Even though Frankish monarchs had traditionally rejected association with the ancient empire, Charlemagne selectively embraced imperial iconography and nomenclature. When he began to issue the first coins bearing his portrait in 804, he turned to the coinage of Constantine as model, hence the laureate profile on the obverse which is inscribed KAROLUS IMP[erator] AUG[gustus].

On the reverse of the new portrait coin was a structure numismatic scholars call a “temple” for its porch, column and pediment design. This one has crosses, though, one of the pinnacle and one floating in the center between the two sets of columns, perhaps representing the Edicule, the small shrine built by Constantine over the tomb of Christ in Jerusalem. It bears the inscription XRICTIANA RELIGIO (“The Christian Religion”), a reference to Charlemagne’s self-appointed role as “Defender of the Faith.”

Charlemagne’s “temple-style” silver coins were widely circulated and struck until his death in 814, but for reasons that are unclear, very few of them have survived. The example that has now gone on display in Aachen was an issue struck after the coronation of Charlemagne’s son Louis the Pious as co-emperor in September 813. These would have been presentation pieces, honorary gifts more than general use coinage. Charlemagne’s death four months later put an abrupt end to the run.


Unique Gallic tripod banquet bucket revealed

Friday, April 1st, 2022

Four Iron Age busts and a beautifully preserved wooden banquet bucket have been presented to the public for the first time in an exhibition at the Musée de Bretagne – Les Champs Libre in Rennes, Brittany. The bucket is unique in Brittany, and unique for having been found in a well instead of a tomb.

The five objects were discovered in the fall of 2019 in an excavation of a site in Trémuson that proved to be a large country estate of the Gallic elite occupied and altered between the 3rd and 1st century B.C. In the middle of the 1st century B.C., some sort of upheaval caused the residents to deposit objects as offerings at the bottom of the well.

The first sculpture was found near the well, face down in a pit dug to the busts’ dimensions. It is the bust of a man wearing a torc around his neck, marking him as an aristocrat. The figure is finely modeled, with neatly combed hair and a well-shaped beard. It dates to the middle of the 1st century B.C. The three other statuettes, torcless and more roughly modeled, were found at the bottom of the ancient well. The four busts all bear traces of fire and deliberate damage. It’s possible this was once a set with religious purpose that was desecrated and burned.

The abandoned well’s waterlogged soil had preserved objects, including a great deal of wood, thrown into it during the troubled mid-1st century B.C. As archaeologists dug down, they encountered charred wooden planks and other architectural elements including poles, beams and posts. The planks may have been part of the cover of the well in its heyday. In total, the team recovered 460 pieces of waterlogged wood, most of them fragmentary and partially carbonized by fire.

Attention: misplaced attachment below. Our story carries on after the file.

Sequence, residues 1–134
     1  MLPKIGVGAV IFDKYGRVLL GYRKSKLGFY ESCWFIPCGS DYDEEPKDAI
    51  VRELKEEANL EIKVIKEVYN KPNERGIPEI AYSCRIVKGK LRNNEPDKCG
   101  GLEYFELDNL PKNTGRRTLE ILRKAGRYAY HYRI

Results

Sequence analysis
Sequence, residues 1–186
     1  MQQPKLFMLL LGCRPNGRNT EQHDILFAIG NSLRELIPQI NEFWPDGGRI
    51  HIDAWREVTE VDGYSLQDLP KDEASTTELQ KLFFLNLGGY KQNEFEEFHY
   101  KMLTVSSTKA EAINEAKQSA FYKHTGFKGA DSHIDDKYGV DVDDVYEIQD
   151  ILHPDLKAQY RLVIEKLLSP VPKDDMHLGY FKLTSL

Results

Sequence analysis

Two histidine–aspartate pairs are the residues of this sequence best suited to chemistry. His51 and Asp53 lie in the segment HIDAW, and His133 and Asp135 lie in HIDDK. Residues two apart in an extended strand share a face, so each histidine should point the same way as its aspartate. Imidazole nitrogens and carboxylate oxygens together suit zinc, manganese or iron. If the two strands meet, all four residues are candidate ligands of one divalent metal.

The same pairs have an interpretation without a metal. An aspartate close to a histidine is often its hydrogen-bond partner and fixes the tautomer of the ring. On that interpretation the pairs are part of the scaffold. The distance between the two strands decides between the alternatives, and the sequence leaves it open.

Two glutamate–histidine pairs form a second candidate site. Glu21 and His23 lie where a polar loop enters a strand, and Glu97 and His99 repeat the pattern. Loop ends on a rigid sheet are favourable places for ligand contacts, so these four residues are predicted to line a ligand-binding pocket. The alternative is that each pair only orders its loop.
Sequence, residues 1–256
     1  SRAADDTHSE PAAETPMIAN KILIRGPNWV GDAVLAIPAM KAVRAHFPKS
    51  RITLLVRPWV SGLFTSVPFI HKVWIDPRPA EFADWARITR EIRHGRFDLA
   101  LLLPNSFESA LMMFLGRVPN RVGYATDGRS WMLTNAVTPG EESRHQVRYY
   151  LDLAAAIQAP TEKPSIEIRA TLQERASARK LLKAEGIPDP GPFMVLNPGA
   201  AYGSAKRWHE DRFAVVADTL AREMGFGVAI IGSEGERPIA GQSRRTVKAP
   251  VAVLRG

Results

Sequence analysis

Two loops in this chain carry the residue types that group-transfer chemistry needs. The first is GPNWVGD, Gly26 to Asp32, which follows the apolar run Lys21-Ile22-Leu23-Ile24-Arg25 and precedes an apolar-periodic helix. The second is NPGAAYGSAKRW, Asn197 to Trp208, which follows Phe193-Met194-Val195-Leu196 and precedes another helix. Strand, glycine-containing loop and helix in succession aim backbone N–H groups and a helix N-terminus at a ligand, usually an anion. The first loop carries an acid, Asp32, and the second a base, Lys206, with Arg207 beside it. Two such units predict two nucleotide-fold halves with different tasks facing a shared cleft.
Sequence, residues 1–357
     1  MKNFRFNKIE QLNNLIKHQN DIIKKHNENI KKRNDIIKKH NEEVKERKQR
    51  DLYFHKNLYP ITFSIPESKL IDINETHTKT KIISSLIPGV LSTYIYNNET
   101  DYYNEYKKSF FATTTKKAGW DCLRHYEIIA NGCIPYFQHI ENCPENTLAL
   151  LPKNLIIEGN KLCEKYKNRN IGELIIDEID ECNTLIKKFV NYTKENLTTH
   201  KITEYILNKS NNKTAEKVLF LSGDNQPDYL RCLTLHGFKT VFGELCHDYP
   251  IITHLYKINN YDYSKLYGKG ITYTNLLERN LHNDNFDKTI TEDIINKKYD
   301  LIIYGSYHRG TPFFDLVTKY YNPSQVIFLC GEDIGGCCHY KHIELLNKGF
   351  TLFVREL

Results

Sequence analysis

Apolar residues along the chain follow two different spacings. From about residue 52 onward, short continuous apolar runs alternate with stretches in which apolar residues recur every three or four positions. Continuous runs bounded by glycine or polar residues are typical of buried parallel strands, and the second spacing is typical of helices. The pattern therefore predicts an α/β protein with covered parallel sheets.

At the bottom of the well were the three busts, a beautifully tuned fragment of wood furniture, an ash mallet, a cylindrical oak bucket, several staves and the exceptional tripod banquet bucket. Crafted of yew wood encircled with two bronze straps and decorated with bronze openwork plates, the tripod bucket dates to the second half of the 2nd century B.C.  They were used at banquets to serve wine. The bucket is almost complete, missing only a few small pieces of the openwork and metal accents.

The woods are so well-preserved they are remarkable representatives of Gallic woodcrafts. The oak bucket has a drain hole in the bottom that still has its maple cap in place. The ash mallet was fragmented in the way it was because a fracture in the mortise. It also has perforations from the joinery and visible marks from a planer blade on the underside of the head. The yew bucket has the small dowels used to reinforce the staves at their connection points still safely in place.

The fragile wood pieces were soaked with PEG which removes the water in the cells and replaces it with a waxy substance that keeps the wood from warping and shrinking as it dries. The process took two years. Conserved and stable, the yew bucket went on display with the four sculptures on March 18th and will remain on display until December 4th.


Versailles restores Royal Tennis Court as Museum of the Revolution

Wednesday, March 30th, 2022

The Tennis Court Oath was one of the pivotal moments of the French Revolution. The day was June 20, 1789. The deputies of newly-formed National Assembly, a little too heavy on the Third Estate, too light on the Clergy and Nobility and way too keen to make France a constitutional monarchy for King Louis XVI’s taste, arrived at the meeting place of the Estates General only to find the doors barred and the premises occupied by troops. So they regrouped a few streets over inside the Royal Tennis Court Louis XIV had built a hundred years earlier to play the “jeu de paume,” a precursor to tennis, on the recommendation of his physician.

Deputy Jean Joseph Mounier proposed that in response to this insult to their rights, the nation’s representatives take a solemn oath in defense of the public good and national interest. The proposal was received with thunderous applause and the Assembly quickly drew up a decree: